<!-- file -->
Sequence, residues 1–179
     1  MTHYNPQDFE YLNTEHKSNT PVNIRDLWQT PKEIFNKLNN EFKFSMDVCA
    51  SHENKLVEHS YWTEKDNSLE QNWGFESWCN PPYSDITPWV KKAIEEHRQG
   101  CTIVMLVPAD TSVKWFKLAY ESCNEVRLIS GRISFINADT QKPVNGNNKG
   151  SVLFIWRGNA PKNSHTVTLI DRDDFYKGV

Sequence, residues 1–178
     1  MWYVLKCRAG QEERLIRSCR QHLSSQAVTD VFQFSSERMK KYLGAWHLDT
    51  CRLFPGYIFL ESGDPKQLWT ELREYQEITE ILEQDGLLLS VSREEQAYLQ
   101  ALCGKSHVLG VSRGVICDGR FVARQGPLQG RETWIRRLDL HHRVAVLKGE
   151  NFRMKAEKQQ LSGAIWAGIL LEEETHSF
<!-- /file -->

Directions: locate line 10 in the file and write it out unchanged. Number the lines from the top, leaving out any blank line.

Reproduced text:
   151  NFRMKAEKQQ LSGAIWAGIL LEEETHSF